Editor's Note: Herman Leonard died on Saturday, August 14, 2010 at the age of 87.
From This Story
More than six decades ago, Herman Leonard began photographing icons of jazz in the smoke-filled nightclubs and rehearsal houses where the musicians worked. From jazz singers Ella Fitzgerald and Billie Holiday to the geniuses of bebop—Dizzy Gillespie, Charlie “Bird” Parker and Miles Davis—Leonard captured for posterity a transitional period in the history of jazz.
Why did it take so long for your jazz photographs to become recognized by the public?
All of my jazz pictures, I did strictly for myself. After a while I did assignments for record companies, particularly Verve Records with Norman Granz as the producer. But the public didn’t know anything about my work in historic terms until 1988. Forty years after I shot them I had my first full-fledged exhibition of my jazz work in London, England. And as a result, a company picked up my show and became the sponsor and decided to do a tour of the show in the United States and Europe.
How did your jazz photographs come to the Smithsonian?
Well that tour took me to an exhibit in Washington, DC, and it was [there] that John Edward Hasse, [Curator of American Music, National Museum of American History], came to me and said, “Mr. Leonard, I would very much like for you to be part of the Smithsonian.” I said, ‘Oh, my goodness! This is the greatest honor that I could ever receive.’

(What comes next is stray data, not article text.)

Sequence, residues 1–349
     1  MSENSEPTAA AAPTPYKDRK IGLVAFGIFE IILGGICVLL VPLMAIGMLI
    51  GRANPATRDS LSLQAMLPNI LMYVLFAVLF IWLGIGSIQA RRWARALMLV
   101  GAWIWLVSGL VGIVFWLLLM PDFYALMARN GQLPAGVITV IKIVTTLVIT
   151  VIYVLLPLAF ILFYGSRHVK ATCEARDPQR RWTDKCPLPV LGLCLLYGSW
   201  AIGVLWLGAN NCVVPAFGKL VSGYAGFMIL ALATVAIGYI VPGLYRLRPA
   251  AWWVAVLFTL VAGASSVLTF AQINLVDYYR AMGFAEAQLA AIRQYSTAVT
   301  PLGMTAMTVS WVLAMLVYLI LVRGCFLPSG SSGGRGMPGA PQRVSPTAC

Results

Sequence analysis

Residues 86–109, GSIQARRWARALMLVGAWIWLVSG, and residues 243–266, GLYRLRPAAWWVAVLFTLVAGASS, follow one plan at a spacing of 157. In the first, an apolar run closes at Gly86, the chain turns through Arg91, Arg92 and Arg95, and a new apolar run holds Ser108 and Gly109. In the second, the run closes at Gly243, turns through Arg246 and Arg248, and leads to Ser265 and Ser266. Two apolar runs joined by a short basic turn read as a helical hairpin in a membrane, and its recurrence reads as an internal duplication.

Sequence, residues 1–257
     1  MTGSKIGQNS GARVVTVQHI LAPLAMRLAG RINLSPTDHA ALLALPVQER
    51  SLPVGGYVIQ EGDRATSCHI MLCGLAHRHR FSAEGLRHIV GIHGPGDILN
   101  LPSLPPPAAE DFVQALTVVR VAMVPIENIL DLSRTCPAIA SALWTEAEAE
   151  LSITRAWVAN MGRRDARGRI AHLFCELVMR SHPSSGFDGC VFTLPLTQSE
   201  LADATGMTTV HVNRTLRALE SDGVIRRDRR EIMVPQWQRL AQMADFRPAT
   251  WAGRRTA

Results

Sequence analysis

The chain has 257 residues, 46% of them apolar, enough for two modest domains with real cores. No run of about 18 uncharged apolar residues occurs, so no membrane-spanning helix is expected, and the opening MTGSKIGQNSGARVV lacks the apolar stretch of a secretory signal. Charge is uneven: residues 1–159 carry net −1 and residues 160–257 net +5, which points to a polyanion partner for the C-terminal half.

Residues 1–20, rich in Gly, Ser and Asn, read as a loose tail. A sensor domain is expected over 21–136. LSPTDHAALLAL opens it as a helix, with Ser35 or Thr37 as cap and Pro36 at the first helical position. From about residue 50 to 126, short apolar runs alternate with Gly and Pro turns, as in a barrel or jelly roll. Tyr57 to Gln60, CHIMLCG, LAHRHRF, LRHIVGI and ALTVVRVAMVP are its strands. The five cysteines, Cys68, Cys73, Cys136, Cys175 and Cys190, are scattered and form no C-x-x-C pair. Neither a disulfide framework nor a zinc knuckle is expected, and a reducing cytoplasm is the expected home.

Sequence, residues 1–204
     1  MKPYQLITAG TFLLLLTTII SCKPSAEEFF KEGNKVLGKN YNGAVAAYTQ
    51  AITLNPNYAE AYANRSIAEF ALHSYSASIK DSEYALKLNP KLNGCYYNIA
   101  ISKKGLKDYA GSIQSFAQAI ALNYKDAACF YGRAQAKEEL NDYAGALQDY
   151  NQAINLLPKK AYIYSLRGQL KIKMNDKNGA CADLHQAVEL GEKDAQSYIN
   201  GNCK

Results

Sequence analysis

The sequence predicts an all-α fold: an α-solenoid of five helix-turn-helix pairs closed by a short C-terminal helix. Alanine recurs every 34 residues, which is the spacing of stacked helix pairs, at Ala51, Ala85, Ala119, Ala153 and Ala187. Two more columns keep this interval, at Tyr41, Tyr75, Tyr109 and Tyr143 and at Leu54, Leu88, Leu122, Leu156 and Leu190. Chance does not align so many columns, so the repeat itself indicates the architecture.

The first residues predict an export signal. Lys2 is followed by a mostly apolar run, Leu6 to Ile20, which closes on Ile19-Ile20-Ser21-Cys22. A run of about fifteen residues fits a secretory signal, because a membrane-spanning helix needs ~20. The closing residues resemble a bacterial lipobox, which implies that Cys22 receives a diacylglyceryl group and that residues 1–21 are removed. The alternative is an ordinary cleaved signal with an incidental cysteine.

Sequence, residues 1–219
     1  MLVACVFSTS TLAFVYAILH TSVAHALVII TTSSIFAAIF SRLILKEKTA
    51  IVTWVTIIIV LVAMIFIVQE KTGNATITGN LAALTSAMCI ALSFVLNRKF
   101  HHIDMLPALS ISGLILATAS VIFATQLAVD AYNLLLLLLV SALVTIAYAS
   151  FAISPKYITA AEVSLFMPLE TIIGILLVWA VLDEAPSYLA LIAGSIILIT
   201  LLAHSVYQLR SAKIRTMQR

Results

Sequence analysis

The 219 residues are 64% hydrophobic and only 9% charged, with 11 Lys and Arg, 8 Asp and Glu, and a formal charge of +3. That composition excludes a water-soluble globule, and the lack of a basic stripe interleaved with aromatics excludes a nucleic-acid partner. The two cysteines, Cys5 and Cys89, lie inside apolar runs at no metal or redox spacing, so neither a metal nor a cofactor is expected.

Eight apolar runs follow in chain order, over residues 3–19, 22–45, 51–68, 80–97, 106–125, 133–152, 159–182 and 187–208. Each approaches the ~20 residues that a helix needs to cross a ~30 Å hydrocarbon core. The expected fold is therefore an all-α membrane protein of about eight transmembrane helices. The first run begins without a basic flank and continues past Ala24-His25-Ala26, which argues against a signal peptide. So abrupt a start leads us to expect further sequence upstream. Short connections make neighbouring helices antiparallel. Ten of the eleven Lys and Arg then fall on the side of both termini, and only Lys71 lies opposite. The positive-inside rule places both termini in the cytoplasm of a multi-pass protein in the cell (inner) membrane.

Did you choose to photograph these artists performing because of your love for the music?
When I walked into a jazz club, I was fascinated by the atmosphere, in general. I wanted to make, yes, individual pictures of the musicians I admired a great deal, but I also wanted to record the scene so that later on, if I looked at that picture, it brought back the memory, even the feeling or the smells of that night.
You captured a lot of musicians playing at New York City’s Royal Roost in the '40s and 50's, including the great alto saxophonist Charlie Parker.
The Royal Roost gave me carte blanche to shoot. I became friends with the owners and told them, ‘If you allow me to come in and shoot rehearsals I’ll give you free prints for your bulletin board outside.’ And I also gave free prints to the musicians.